China sends classified satellite into space during first launch of 2022

China executed its first launch of 2022 with a classified mission, the Shiyan 13 test satellite.

The Long March 2D rocket carrying Shiyan 13 launched from the China National Space Administration's (CNSA) northern Taiyuan Satellite Launch Center Tuesday (Jan. 17) at 10:35 a.m. local time (0235 GMT, or 9:35 p.m. EST on Jan. 16)

The satellite was sent successfully into its "predetermined orbit," CNSA said in a statement machine-translated from Chinese. The statement added that given low temperatures of minus 37 degrees Celsius (minus 35 Fahrenheit) at the launch site, the launch team added "product sealing measures" to the rocket to assure a safe launch.

Related: The latest news about China's space program

A Chinese Long March 2D rocket carrying Shiyan 13 lifts off from the Taiyuan Satellite Launch Center. (Image credit: CCTV)

"The Experiment No. 13 satellite is mainly used to carry out space environment detection and related technology experiments," CNSA added of the mission, saying it plans "more than 40 space launch missions" for 2022. China performed a record-breaking 55 launches in 2021.

Tracking information later showed that Shiyan-13 is in a near-polar orbit of 99 degrees, ranging between 221 miles and 805 miles (357 km and 1,297 km) above Earth, SpaceNews reported.

"Shiyan are understood to be a series of test satellites, which first launched in 2004," SpaceNews added. "China currently has more than ten Shiyan satellites in sun-synchronous and geosynchronous orbits."

No other information about Shiyan 13's use or payload has been provided in Chinese state media, although the China Aerospace Science and Technology Corporation, the main contractor for China's space program, did note that the rocket used a new 6-foot (2 meters) satellite separation device due to unique requirements of the mission.

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Elizabeth Howell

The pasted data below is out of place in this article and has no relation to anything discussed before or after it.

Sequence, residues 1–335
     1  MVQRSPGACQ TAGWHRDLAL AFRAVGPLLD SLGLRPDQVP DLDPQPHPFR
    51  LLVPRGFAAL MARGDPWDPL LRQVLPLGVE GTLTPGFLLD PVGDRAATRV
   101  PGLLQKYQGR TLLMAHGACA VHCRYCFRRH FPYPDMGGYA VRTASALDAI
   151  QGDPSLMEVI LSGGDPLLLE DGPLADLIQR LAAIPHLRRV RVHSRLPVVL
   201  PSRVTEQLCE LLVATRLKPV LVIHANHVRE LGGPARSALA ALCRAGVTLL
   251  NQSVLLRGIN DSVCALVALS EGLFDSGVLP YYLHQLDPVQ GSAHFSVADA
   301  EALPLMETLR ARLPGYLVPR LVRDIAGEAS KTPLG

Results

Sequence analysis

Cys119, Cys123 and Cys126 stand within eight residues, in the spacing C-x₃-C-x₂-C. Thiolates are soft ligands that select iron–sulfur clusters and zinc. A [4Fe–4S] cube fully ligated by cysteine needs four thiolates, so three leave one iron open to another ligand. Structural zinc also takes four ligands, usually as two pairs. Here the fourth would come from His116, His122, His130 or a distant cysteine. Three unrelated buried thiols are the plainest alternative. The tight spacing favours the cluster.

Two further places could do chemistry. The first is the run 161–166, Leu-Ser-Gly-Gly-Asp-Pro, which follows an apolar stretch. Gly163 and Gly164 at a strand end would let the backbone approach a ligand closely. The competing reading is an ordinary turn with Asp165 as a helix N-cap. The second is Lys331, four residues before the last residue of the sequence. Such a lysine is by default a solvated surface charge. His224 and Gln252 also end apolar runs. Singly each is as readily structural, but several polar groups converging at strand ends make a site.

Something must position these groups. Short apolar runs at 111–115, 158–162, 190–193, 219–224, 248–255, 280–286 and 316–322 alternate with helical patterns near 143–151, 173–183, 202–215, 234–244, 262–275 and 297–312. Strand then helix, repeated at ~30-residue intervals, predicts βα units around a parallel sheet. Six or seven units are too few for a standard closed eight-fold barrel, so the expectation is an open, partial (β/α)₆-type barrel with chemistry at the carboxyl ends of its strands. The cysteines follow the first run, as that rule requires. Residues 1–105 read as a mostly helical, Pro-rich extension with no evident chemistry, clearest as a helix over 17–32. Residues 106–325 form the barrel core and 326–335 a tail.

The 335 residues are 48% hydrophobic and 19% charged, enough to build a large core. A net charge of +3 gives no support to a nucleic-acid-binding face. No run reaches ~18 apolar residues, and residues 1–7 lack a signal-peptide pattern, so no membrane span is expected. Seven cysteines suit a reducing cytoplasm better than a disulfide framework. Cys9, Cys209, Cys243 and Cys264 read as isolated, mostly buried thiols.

Staff Writer, Spaceflight

Elizabeth Howell (she/her), Ph.D., is a staff writer in the spaceflight channel since 2022 covering diversity, education and gaming as well. She was contributing writer for for 10 years before joining full-time. Elizabeth's reporting includes multiple exclusives with the White House and Office of the Vice-President of the United States, an exclusive conversation with aspiring space tourist (and NSYNC bassist) Lance Bass, speaking several times with the International Space Station, witnessing five human spaceflight launches on two continents, flying parabolic, working inside a spacesuit, and participating in a simulated Mars mission. Her latest book, "Why Am I Taller?", is co-written with astronaut Dave Williams. Elizabeth holds a Ph.D. and M.Sc. in Space Studies from the University of North Dakota, a Bachelor of Journalism from Canada's Carleton University and a Bachelor of History from Canada's Athabasca University. Elizabeth is also a post-secondary instructor in communications and science at several institutions since 2015; her experience includes developing and teaching an astronomy course at Canada's Algonquin College (with Indigenous content as well) to more than 1,000 students since 2020. Elizabeth first got interested in space after watching the movie Apollo 13 in 1996, and still wants to be an astronaut someday. Mastodon: